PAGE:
SHARES ELIGIBLE FOR FUTURE SALE Upon completion of the Offering (assuming the Underwriters' over-allotment option is not exercised), the 1,522,550 Class B Common Shares held by Ripplewood, 312,050 Class A Common Shares held by the Company's management and Matthew O. Diggs, Jr., and 272,750 Class A Common Shares issuable upon exercise of the Options held by the Company's management will continue to be "restricted shares" as defined in Rule 144 under the Securities Act. Such shares may not be resold in the absence of registration under the Securities Act except pursuant to exemptions from such registration including, among others, the exemption provided by Rule 144 under the Securities Act. After the Offering, Ripplewood, management and the other remaining parties to the Amended Shareholder Agreement will have certain incidental registration rights with respect to all of the Common Shares owned by them or that may be acquired by them, and Ripplewood will have two demand registration rights with respect to the Common Shares owned or acquired by it. See "Principal and Selling Shareholders--Shareholder Agreement." In general, pursuant to Rule 144 under the Securities Act, a person (or person whose shares must be aggregated) who has beneficially owned restricted shares for at least two years, including a person who may be deemed an "affiliate" of the Company, is entitled to sell within any three-month period that number of shares that does not exceed the greater of one percent of the then outstanding Class A Common Shares or the reported average weekly trading volume of the then outstanding Class A Common Shares for the four weeks preceding each such sale. Sales under Rule 144 also are subject to certain manner of sale restrictions and notice requirements, and to the availability of current public information about the Company. As defined in Rule 144, an "affiliate" of an issuer is a person that directly, or indirectly through the usage of one or more intermediaries, controls, or is controlled by, or is under common control with, such issuer. Rule 701 under the Securities Act permits resales of shares in reliance upon Rule 144 but without compliance with certain restrictions, including the holding period requirement, of Rule 144. Any employee, officer or director of, or consultant to, the Company who purchased his or her shares pursuant to a written compensatory plan or contract may be entitled to rely on the resale provisions of Rule 701. Rule 701 permits affiliates to sell their Rule 701 shares under Rule 144 without complying with the holding period requirements of Rule 144. Rule 701 further provides that non-affiliates may sell such shares in reliance on Rule 144 without having to comply with the holding period, public information, volume limitation or notice provisions of Rule 144. In both cases, a holder of Rule 701 shares is required to wait until 90 days after the date the Registration Statement (as hereinafter defined) becomes effective before selling such shares. The Company, Ripplewood and certain of the Company's other shareholders, to the extent that such shareholders are not selling Class A Common Shares in the Offering, have agreed, subject to certain exceptions, not to sell, offer to sell, contract to sell, grant any option to purchase, or otherwise dispose of any Class A Common Shares or securities convertible into or exercisable or exchangeable for Class A Common Shares other than the Class A Common Shares offered hereby for a period of 360 days after the date of this Prospectus, without the prior written consent of the Representatives of the Underwriters; provided, however, that the Company may issue: (i) options pursuant to any employee stock option plan, stock ownership plan or dividend reinvestment plan in effect on the date of this Prospectus, (ii) Class A Common Shares upon the conversion or exercise of securities or Options outstanding on the date of this Prospectus and (iii) commencing 90 days after the date of this Prospectus, Class A Common Shares or securities convertible, exercisable or exchangeable for Class A Common Shares in mergers, acquisitions or similar transactions. See "Underwriting." No prediction can be made as to the effect, if any, that future sales of shares, or the availability of shares for future sale, will have on the market price of the Class A Common Shares prevailing from time to time. Sales of substantial numbers of Class A Common Shares (including shares issued upon the exercise of Options), or the perception that such sales could occur, could adversely affect the prevailing market price for the Class A Common Shares. If such sales reduce the market price of the Class A Common Shares, the Company's ability to raise additional capital in the equity markets could be adversely affected. 56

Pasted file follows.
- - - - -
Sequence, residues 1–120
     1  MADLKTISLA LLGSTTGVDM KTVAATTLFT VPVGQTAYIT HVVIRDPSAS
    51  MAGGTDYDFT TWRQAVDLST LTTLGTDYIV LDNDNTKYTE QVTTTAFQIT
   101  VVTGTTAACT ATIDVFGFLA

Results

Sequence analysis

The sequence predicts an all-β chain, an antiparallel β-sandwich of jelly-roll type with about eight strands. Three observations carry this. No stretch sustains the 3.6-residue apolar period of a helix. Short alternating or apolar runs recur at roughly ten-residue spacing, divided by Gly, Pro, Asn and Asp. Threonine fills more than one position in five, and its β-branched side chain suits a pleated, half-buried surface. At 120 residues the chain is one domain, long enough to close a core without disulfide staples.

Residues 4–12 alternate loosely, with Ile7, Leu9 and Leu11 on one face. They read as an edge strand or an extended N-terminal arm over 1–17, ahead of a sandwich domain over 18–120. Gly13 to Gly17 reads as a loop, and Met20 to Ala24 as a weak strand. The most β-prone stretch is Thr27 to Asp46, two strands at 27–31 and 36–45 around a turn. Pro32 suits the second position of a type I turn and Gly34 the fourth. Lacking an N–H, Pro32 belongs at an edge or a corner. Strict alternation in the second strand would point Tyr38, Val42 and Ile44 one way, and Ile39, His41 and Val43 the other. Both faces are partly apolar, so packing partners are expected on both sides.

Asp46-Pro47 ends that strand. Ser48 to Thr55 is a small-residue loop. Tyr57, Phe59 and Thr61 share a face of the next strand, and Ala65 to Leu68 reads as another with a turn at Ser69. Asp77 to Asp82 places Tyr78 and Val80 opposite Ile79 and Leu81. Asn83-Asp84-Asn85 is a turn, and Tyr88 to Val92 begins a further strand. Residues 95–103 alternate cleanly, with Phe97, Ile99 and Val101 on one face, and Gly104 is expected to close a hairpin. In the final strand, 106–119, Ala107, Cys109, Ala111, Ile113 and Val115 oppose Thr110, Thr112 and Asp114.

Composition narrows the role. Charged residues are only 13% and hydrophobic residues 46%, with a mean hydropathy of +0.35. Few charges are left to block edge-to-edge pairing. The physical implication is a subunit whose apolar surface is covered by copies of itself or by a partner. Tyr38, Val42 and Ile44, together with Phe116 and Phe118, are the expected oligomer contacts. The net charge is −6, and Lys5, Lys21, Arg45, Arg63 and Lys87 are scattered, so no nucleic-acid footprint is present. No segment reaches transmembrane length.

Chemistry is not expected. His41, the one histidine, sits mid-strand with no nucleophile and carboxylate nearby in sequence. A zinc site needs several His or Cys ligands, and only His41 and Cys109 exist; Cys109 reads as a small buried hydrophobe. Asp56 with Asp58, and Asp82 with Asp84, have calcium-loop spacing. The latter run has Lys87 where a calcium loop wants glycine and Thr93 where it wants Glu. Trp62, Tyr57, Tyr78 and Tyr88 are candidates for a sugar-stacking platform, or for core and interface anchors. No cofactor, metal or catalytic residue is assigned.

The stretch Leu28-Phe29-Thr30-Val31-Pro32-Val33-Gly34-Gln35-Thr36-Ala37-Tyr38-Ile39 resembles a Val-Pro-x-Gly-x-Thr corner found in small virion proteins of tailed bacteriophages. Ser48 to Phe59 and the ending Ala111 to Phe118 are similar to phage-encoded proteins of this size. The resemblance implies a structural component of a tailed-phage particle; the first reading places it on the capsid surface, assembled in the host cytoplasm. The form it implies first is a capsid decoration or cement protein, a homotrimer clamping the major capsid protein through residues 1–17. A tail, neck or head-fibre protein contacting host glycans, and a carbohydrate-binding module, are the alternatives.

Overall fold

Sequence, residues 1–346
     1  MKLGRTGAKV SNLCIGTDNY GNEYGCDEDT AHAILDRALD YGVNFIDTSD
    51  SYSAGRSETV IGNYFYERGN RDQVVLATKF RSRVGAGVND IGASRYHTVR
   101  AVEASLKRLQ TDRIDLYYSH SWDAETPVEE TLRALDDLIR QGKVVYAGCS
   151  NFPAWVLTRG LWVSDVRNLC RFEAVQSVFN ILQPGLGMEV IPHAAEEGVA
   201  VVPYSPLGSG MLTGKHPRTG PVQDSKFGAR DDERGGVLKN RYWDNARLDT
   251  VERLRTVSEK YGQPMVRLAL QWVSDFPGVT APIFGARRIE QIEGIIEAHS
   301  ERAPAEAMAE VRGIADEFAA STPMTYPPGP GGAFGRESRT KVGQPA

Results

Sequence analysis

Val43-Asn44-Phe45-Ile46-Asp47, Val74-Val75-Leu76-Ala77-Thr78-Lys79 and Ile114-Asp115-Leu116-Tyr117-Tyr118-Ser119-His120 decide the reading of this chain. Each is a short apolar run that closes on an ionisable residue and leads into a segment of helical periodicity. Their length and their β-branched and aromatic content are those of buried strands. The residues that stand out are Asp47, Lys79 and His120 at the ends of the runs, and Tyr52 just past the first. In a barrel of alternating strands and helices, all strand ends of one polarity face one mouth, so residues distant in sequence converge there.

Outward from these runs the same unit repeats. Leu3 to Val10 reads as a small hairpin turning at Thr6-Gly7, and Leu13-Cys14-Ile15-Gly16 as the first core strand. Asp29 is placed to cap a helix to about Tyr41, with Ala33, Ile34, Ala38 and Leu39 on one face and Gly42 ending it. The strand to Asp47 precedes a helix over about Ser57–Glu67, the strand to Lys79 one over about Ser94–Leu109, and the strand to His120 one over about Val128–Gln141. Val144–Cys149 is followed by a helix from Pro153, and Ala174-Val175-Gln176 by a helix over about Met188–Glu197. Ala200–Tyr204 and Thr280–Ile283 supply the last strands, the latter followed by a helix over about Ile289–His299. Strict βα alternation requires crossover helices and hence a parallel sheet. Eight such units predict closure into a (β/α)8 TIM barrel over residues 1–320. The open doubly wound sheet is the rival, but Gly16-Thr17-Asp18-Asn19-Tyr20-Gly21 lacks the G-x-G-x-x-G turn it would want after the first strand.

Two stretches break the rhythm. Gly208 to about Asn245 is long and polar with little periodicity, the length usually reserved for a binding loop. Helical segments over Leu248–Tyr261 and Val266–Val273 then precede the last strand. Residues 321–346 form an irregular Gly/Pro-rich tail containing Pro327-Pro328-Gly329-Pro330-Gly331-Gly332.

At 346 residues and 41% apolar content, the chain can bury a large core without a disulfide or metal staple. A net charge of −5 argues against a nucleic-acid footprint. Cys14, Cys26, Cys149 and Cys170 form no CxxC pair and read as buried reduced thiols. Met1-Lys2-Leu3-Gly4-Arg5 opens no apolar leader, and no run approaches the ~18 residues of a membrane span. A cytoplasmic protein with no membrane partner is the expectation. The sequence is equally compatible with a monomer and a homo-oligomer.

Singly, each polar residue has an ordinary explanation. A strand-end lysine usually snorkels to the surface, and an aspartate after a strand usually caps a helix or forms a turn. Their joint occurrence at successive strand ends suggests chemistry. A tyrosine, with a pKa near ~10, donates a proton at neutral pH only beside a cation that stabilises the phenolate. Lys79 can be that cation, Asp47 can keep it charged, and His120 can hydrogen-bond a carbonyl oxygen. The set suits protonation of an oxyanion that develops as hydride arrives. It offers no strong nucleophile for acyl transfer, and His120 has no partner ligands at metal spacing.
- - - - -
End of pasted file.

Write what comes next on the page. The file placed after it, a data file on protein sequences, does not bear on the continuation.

DESCRIPTION OF CERTAIN INDEBTEDNESS The summary contained herein of certain provisions of the indebtedness of the Company does not purport to be complete and is qualified in its entirety by reference to the provisions of the Amended Credit Facility, which will be filed as an exhibit to the Registration Statement of which this Prospectus is a part and to which reference is hereby made. The Company has an agreement in principle with the Banks to amend the Credit Facility concurrent with, and conditional upon, consummation of the Offering and will pay a commitment fee of $170,000 to the Banks in connection therewith. The Amended Credit Facility will provide for (i) the Term Loan and (ii) the Revolving Credit Facility. Amounts available under the Revolving Credit Facility will be equal to the lesser of (i) $36.5 million or (ii) the sum of (x) 85% of eligible accounts receivable, (y) 60% of eligible inventories and (z) an amount equal to $10 million upon closing of the Offering, decreasing in steps to zero on September 30, 1997. At March 29, 1996, if the Revolving Credit Facility had been in place, $29.7 million would have been available thereunder, of which $17.1 million of borrowings would have been outstanding. The Revolving Credit Facility will terminate in four years, with interest options based on (a) Bank One, Dayton NA's prime rate or (b) LIBOR plus an amount between 1.00% and 2.25% (LIBOR plus 1.50% if the Amended Credit Facility had been in place at March 29, 1996) depending on the ratio of EBITDA to interest expense and the ratio of total liabilities to EBITDA. A commitment fee of between 0.125% and 0.375% per annum will be payable on the average unused amount depending on the level of EBITDA and certain other financial ratios. If the Amended Credit Facility had been in place at March 29, 1996, the commitment fee would have been 0.25% per annum. The principal amount of the Term Loan will be the lesser of $13.5 million or 70% of the appraised value of the Company's fixed assets. An appraisal is currently being conducted. If the appraised value of the Company's fixed assets were equal to the depreciated book value of such assets at March 29, 1996, the amount of the Term Loan would be $12.2 million. The Term Loan will be due in full four years from its date of issuance with mandatory quarterly principal payments of $843,750 plus interest. The Term Loan will permit the Company to choose from various interest rate options. The Amended Credit Facility will require the Company to satisfy certain financial performance criteria (including maintaining a specified ratio of EBITDA to current obligations, a specified ratio of total liabilities to EBITDA, a specified net worth and a specified tangible net worth) and will provide for certain customary events of default. The Amended Credit Facility will also contain covenants and provisions restricting, among other things, the ability of the Company to: (i) incur additional indebtedness, (ii) incur liens on its property, (iii) merge or consolidate with or acquire another person or engage in other fundamental changes, (iv) engage in certain sales of assets, (v) make capital expenditures and (vi) pay dividends or make distributions or prepay, purchase or redeem indebtedness other than indebtedness under the Amended Credit Facility. 57